Stack Overflow is a community of 4.7 million programmers, just like you, helping each other.

Join them; it only takes a minute:

Sign up
Join the Stack Overflow community to:
  1. Ask programming questions
  2. Answer and help your peers
  3. Get recognized for your expertise

You can dynamically define a class method for a class like so:

class Foo
end

bar = %q{def bar() "bar!" end}
Foo.instance_eval(bar)

But how do you do the opposite: remove/undefine a class method? I suspect Module's remove_method and undef_method methods might be able to be used for this purpose, but all of the examples I've seen after Googling for hours have been for removing/undefining instance methods, not class methods. Or perhaps there's a syntax you can pass to instance_eval to do this as well.

Thanks in advance.

share|improve this question
up vote 41 down vote accepted
#!/usr/bin/ruby1.8

class Foo

  def Foo.bar
    puts "bar"
  end

end

Foo.bar    # => bar

class <<Foo
  remove_method :bar
end

Foo.bar    # => undefined method `bar' for Foo:Class (NoMethodError)

When you define a class method like Foo.bar, Ruby puts it Foo's eigenclass. Ruby can't put it in Foo, because then it would be an instance method. Ruby creates Foo's eigenclass (aka "singleton class"), sets the superclass of the eigenclass to Foo's superclass, and then sets Foo's superclass to the eigenclass:

Foo -------------> Foo(eigenclass) -------------> Object
        super      def bar             super

That's why we have to open up Foo's eigenclass using class <<Foo to remove method bar.

share|improve this answer
    
Bingo. Thanks Wayne! – Brian Ploetz Jan 17 '10 at 2:01
1  
I would have thought it'd be possible without using the Eigenclass, at least in 1.9. – Andrew Grimm Jun 27 '11 at 23:28
    
@Andrew, Perhaps so. Alas, I do not know it. – Wayne Conrad Jun 28 '11 at 14:12
    
This didn't work for me in Ruby1.9.3. I was still able to call the removed method. – joseph.hainline Jan 27 '14 at 5:13
1  
@joseph.hainline - If you have the method in super class, the method is still callable after you call removed_method. You can use undef_method to prevent it. – tao Jun 20 '15 at 12:09

This also works for me (not sure if there are differences between undef and remove_method):

class Foo
end

Foo.instance_eval do
  def color
    "green"
  end
end

Foo.color # => "green"

Foo.instance_eval { undef :color }

Foo.color # => NoMethodError: undefined method `color' for Foo:Class
share|improve this answer
    
This worked for me. I called it on an object, and it only removed it at the object level. Foo.new.instance_eval { undef :color } works too. – Marcel Valdez Orozco Jul 8 '12 at 22:48
1  
removed_method removes method of receiver class where as undef_method removed all methods from inherited class including receiver class. – Rameshwar Vyevhare Dec 15 '15 at 10:39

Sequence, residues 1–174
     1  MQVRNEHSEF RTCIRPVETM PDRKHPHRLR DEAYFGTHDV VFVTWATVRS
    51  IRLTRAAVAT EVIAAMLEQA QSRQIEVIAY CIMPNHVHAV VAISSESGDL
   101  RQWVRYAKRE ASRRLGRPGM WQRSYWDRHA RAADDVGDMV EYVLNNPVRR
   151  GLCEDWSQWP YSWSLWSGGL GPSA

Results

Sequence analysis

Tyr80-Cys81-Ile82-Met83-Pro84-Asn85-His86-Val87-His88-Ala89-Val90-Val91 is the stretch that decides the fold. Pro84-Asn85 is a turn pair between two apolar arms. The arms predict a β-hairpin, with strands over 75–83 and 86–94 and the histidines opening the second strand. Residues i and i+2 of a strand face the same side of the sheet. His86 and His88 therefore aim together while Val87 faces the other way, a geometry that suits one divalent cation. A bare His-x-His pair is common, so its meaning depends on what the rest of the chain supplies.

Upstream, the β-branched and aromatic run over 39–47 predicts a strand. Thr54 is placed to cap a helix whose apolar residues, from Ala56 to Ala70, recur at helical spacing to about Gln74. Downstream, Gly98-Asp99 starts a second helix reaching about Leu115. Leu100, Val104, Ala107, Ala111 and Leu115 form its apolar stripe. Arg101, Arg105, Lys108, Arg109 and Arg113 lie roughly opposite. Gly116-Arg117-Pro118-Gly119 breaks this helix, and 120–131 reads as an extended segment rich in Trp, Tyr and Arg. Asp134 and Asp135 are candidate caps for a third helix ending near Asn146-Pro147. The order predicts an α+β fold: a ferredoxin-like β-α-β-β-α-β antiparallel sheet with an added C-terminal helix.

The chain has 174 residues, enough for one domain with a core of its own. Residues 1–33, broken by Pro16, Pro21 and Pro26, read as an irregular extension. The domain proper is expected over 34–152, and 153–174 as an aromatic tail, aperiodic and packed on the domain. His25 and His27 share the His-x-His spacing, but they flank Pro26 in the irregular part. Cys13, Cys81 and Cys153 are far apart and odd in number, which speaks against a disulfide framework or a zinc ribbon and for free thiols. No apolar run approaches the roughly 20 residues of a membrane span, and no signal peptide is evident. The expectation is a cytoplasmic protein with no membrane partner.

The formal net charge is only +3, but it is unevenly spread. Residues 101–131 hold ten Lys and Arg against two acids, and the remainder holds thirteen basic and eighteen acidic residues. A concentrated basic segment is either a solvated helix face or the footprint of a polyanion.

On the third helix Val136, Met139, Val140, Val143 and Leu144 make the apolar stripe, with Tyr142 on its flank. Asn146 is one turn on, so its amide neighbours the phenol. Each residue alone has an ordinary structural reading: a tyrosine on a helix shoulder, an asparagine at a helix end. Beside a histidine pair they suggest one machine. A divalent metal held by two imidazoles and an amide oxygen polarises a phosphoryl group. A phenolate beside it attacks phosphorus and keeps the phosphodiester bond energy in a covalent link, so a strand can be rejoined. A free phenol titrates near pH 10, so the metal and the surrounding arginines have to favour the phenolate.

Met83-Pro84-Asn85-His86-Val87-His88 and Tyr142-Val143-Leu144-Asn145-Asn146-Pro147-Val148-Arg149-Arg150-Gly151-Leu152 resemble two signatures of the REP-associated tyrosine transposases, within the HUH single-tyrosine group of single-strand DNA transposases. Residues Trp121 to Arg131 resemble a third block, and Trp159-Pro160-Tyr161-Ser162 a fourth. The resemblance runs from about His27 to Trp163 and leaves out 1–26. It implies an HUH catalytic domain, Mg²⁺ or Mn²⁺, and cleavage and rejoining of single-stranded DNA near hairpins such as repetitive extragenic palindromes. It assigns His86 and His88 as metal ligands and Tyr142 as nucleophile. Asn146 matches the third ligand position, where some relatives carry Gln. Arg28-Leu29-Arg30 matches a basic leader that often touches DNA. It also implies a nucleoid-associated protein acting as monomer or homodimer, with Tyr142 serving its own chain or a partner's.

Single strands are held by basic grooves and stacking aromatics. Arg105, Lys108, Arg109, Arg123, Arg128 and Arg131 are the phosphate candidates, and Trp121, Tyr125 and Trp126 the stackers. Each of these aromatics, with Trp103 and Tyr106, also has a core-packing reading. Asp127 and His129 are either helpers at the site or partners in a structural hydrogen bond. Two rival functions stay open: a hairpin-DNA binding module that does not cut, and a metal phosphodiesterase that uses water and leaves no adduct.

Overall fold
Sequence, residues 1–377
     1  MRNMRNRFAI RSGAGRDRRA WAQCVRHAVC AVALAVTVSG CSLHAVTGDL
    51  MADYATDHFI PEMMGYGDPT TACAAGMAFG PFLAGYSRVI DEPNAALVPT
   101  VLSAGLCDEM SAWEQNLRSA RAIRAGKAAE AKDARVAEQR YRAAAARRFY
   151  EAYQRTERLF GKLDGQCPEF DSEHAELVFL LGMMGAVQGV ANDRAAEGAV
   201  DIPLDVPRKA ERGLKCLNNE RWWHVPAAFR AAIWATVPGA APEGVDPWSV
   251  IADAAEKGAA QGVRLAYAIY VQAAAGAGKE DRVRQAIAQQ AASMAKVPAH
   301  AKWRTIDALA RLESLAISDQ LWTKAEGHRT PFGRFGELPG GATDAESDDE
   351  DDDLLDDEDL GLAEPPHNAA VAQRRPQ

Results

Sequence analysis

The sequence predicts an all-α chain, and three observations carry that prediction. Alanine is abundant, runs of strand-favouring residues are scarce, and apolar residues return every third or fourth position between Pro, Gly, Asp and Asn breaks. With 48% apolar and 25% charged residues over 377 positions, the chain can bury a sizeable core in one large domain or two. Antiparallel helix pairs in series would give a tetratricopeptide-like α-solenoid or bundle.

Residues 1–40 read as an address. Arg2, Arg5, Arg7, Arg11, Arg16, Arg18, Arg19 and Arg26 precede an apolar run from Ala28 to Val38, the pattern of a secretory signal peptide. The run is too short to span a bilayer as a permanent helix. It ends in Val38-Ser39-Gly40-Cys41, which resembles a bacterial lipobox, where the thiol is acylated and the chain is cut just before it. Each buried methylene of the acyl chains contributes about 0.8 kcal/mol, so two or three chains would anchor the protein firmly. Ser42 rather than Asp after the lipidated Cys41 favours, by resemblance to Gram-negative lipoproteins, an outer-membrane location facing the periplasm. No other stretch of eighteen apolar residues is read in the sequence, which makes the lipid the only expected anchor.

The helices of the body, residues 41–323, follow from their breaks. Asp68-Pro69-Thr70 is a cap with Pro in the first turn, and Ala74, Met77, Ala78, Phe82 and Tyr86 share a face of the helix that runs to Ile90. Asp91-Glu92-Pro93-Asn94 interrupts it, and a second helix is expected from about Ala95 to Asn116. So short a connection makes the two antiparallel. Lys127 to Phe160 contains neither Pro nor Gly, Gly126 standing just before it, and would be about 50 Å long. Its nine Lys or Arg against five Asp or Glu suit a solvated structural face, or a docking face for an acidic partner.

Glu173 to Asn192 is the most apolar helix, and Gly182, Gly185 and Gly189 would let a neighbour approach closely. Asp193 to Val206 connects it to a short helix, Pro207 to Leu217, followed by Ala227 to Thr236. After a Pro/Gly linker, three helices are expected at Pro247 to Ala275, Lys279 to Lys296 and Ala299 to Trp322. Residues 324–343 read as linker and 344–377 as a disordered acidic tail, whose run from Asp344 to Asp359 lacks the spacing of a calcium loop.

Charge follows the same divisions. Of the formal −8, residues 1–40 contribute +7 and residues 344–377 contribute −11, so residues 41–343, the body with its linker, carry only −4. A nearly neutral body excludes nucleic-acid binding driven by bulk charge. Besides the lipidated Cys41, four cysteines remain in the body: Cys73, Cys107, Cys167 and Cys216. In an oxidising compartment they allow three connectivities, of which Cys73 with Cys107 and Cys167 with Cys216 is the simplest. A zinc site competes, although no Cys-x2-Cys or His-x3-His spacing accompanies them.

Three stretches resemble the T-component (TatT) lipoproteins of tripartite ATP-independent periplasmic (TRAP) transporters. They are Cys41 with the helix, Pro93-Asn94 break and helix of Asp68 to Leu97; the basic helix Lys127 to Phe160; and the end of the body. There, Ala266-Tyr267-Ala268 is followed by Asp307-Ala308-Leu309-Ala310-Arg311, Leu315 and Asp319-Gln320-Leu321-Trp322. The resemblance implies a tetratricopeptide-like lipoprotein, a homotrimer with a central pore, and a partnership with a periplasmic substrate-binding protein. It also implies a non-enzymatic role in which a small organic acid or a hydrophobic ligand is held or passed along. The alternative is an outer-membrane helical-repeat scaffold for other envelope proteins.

I guess I can't comment on Adrian's answer because I don't have enough cred, but his answer helped me.

What I found: undef seems to completely remove the method from existence, while remove_method removes it from that class, but it will still be defined on superclasses or other modules that have been extened on this class, etc.

share|improve this answer

If you would like to remove method with name what calculate dinamically, you should use eigenclasses like:

class Foo
  def self.bar
    puts "bar"
  end
end

name_of_method_to_remove = :bar
eigenclass = class << Foo; self; end
eigenclass.class_eval do
  remove_method name_of_method_to_remove
end

this way is better than others answers, becouse here i used class_eval with block. As you now block see current namespace, so you could use your variables to remove methods dinamically

share|improve this answer

You can remove a method in two easy ways. The drastic

Module#undef_method( ) 

removes all methods, including the inherited ones. The kinder

Module#remove_method( ) 

removes the method from the receiver, but it leaves inherited methods alone.

See below 2 simple example -

Example 1 using undef_method

class A 
    def x
        puts "x from A class"
    end
end

class B < A
    def x
        puts "x from B Class"
    end
    undef_method :x
end

obj = B.new
obj.x

result - main.rb:15:in ': undefined methodx' for # (NoMethodError)

Example 2 using remove_method

class A 
    def x
        puts "x from A class"
    end
end

class B < A
    def x
        puts "x from B Class"
    end
    remove_method :x
end

obj = B.new
obj.x

Result - $ruby main.rb

x from A class

share|improve this answer

Object.send(:remove_const, :Foo)

share|improve this answer
1  
Doesn't that remove the whole class? – Adrian Macneil Mar 28 '12 at 0:20
    
yes, it will remove class Foo – edikgat Oct 18 '13 at 13:38

Your Answer

 
discard

By posting your answer, you agree to the privacy policy and terms of service.

Not the answer you're looking for? Browse other questions tagged or ask your own question.